Students create seaweed-based yarn to tackle fashion industry pollution

BioEsters is a bio-based material that presents a sustainable yarn alternative for designers.

BioEsters is an innovative bio-based material invented by students at the New York City Fashion Institute of Technology. The filament is made from an organic compound called alginate, which is extracted from a particular kind of brown seaweed that grows in cold waters. With this material, the team hope to further development in sustainable textiles as a means of addressing textile production’s harmful impact on the environment.

While alginate has been used in a number of speciality fields such as molecular gastronomy and medical treatment, the substance has not been as accessible to fashion designers because it is produced in sheets rather than in a workable yarn formation.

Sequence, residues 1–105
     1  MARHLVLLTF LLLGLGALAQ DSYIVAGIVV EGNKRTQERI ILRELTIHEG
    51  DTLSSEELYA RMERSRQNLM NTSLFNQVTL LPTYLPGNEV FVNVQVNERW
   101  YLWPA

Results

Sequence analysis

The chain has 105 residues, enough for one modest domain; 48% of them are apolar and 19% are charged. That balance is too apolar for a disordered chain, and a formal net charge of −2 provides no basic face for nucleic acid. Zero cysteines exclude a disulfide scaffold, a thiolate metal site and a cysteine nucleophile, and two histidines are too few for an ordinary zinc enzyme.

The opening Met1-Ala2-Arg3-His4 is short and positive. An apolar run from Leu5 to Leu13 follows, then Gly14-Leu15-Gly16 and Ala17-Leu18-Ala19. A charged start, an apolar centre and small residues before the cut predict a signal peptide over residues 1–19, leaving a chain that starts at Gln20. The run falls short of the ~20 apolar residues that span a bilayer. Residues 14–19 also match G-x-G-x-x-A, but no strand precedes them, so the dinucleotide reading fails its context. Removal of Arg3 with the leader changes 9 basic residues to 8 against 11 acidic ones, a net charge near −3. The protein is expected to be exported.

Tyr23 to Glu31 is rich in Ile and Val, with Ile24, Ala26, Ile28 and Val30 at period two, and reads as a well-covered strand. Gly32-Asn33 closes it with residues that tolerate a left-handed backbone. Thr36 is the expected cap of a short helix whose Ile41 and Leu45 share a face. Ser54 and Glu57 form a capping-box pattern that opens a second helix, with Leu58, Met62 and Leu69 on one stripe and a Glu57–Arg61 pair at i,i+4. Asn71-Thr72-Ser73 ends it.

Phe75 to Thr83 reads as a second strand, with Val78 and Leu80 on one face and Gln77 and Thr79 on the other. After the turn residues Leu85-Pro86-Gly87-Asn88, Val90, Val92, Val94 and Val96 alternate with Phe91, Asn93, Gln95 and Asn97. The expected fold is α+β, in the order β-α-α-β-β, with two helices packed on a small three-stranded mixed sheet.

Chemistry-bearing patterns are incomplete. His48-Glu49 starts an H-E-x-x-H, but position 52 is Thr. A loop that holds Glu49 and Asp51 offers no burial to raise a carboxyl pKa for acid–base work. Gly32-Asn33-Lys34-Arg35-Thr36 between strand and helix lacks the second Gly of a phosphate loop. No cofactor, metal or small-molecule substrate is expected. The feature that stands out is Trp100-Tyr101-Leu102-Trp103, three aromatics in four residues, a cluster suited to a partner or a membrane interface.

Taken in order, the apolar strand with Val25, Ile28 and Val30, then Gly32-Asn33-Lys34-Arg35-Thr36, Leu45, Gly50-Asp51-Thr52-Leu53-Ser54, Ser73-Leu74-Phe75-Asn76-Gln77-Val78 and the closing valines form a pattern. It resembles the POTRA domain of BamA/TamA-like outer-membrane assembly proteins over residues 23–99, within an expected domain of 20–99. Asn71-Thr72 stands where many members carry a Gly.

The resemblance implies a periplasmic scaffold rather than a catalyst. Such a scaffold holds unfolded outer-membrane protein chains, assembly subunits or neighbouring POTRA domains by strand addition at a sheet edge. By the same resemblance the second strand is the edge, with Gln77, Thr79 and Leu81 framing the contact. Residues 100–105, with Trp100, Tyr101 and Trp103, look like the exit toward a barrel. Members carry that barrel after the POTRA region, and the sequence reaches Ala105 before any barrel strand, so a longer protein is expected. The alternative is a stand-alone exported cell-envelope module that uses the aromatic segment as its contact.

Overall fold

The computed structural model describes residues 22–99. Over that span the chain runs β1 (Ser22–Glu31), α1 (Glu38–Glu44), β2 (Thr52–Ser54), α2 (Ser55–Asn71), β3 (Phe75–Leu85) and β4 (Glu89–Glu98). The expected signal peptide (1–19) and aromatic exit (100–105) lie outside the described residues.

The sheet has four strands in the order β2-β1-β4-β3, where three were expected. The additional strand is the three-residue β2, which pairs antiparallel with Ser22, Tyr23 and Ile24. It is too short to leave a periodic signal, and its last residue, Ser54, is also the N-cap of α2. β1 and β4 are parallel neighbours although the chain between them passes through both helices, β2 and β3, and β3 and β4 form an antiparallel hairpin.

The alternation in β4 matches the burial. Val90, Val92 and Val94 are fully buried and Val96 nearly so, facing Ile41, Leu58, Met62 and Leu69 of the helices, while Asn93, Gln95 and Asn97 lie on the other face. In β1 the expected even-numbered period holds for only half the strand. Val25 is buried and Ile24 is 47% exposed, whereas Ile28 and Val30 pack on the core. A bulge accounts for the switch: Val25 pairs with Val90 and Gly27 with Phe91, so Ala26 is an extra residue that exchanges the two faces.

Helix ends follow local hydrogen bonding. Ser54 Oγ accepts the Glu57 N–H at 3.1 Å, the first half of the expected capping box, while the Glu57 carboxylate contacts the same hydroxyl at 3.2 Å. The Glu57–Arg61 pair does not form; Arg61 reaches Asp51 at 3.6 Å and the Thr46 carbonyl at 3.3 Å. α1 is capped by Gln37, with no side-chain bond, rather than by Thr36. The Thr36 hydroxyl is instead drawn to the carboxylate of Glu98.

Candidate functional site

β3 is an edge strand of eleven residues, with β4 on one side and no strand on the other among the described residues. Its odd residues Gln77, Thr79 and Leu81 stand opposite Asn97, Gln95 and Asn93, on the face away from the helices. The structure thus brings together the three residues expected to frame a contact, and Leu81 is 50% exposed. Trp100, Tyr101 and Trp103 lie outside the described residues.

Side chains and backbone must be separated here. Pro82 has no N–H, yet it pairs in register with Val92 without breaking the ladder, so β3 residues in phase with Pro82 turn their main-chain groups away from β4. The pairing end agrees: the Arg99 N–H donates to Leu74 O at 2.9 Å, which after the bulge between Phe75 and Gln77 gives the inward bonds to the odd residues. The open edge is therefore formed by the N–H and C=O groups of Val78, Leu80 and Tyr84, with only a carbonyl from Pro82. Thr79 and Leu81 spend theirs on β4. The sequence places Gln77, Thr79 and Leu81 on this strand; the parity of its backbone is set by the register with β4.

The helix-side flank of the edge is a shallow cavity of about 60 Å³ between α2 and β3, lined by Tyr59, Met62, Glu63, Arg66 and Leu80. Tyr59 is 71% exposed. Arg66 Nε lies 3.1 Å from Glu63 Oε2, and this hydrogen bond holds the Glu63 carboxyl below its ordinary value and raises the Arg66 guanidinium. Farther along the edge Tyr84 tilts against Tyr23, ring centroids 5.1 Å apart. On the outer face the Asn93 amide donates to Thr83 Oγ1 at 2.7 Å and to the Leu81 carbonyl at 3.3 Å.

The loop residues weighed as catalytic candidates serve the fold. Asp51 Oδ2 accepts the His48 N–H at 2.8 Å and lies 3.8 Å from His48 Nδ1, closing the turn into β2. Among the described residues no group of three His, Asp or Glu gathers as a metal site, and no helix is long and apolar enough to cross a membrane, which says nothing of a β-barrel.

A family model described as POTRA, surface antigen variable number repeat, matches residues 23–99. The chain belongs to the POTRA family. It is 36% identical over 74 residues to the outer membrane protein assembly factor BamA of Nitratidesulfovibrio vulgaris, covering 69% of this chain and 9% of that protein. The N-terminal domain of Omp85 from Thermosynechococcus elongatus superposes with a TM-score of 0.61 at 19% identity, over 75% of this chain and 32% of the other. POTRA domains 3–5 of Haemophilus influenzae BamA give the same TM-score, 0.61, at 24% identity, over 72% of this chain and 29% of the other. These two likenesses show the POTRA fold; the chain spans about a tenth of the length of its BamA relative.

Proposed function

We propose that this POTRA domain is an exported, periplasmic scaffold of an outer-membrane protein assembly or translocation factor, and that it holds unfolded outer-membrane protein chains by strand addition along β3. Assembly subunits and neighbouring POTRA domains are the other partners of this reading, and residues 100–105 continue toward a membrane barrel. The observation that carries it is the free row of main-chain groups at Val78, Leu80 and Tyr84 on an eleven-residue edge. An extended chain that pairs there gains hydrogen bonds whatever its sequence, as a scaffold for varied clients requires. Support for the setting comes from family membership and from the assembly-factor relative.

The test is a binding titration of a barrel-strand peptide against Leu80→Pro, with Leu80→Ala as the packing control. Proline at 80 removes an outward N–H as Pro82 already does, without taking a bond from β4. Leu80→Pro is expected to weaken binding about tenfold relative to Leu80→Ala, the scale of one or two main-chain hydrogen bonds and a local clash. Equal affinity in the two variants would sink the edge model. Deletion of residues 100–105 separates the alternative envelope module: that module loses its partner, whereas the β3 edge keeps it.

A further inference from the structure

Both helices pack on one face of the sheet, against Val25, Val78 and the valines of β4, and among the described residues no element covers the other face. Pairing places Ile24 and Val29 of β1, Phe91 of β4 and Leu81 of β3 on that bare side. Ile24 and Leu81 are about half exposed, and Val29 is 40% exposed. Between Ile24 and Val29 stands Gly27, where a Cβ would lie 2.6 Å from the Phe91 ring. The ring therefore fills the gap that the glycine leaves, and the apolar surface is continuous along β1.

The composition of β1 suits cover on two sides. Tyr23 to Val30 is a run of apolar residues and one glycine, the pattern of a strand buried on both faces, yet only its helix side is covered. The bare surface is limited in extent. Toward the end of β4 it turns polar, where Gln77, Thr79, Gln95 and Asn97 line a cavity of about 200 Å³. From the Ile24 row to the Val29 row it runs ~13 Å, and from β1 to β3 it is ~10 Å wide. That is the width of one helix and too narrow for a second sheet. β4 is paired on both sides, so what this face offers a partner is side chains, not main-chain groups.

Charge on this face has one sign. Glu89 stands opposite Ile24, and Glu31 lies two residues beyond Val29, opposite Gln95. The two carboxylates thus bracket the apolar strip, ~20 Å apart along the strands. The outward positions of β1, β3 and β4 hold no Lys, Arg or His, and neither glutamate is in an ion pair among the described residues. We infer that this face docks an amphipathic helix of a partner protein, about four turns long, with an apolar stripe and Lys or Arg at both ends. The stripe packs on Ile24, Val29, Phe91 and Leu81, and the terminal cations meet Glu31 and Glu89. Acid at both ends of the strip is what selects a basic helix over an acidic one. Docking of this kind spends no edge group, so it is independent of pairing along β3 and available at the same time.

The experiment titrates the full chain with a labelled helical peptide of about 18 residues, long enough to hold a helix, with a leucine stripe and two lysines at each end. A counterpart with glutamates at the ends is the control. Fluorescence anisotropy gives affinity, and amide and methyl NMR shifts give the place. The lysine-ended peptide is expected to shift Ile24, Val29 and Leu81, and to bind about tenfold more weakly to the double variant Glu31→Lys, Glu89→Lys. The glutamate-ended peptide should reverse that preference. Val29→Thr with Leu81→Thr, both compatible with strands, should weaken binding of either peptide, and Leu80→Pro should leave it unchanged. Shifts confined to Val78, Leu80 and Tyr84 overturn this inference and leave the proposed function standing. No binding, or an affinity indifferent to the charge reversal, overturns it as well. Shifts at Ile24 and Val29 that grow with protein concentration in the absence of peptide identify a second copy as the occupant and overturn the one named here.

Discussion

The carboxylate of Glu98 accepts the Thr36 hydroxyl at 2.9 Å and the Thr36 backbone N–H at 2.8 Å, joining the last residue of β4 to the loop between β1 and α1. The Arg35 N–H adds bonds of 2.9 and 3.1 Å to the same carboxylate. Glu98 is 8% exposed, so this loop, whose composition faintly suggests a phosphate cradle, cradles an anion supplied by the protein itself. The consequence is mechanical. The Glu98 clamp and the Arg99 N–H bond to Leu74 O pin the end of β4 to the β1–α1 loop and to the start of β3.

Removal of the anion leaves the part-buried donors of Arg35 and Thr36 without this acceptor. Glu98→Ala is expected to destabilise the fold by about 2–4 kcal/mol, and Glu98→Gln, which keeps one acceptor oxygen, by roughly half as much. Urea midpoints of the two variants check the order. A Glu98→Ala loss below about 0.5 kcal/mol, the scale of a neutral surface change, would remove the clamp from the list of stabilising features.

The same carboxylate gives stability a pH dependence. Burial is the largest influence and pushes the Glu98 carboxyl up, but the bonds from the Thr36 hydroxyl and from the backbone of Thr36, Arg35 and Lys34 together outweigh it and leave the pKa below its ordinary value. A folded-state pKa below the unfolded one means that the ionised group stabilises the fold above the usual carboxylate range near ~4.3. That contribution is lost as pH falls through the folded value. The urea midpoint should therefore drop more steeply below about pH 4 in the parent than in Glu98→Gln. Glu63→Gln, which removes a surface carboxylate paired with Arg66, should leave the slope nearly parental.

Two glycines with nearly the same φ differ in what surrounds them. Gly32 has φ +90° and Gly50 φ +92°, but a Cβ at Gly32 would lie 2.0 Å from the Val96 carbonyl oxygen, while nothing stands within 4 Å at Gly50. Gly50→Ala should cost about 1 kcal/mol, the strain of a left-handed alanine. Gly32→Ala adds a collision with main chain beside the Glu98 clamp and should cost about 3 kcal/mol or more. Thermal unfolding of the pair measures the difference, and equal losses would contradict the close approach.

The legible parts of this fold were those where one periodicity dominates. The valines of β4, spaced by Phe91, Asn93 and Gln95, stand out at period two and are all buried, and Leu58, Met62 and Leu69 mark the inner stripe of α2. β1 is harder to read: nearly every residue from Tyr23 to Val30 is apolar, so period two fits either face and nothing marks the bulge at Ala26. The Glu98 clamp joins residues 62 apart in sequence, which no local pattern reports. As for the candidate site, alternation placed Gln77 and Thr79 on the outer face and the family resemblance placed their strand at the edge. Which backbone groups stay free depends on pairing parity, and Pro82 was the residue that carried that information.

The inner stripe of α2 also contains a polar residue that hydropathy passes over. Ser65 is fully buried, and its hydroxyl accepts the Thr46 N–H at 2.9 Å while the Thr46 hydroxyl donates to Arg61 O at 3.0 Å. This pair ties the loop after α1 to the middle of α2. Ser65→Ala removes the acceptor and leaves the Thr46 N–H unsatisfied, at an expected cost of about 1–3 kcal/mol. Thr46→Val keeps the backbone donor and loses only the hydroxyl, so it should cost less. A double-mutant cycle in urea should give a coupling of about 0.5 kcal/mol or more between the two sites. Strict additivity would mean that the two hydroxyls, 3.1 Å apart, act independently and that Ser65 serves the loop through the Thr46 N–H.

To make the alginate suit their purposes, the students use a large syringe to squeeze out the substance in thin spaghetti-like pieces into a calcium chloride solution. The alginate reacts to the chloride and sets in its form the moment it comes into contact with the liquid. The bio-based filament looks like yarn, and can be woven by hand or machine to form a new sustainable material for designers.

While the students have been experimenting with other compounds, they have found that the properties of their alginate can be altered to make the flexible material softer and more transparent.

The students believe that bio-based materials like theirs could be an answer to creating a circular and sustainable economy for the fashion industry. Not only are they extracted from low-energy-consuming organisms but they are also are biodegradable – important factors when considering that apparel production is the second largest polluter in the world, not far behind number one, the oil industry.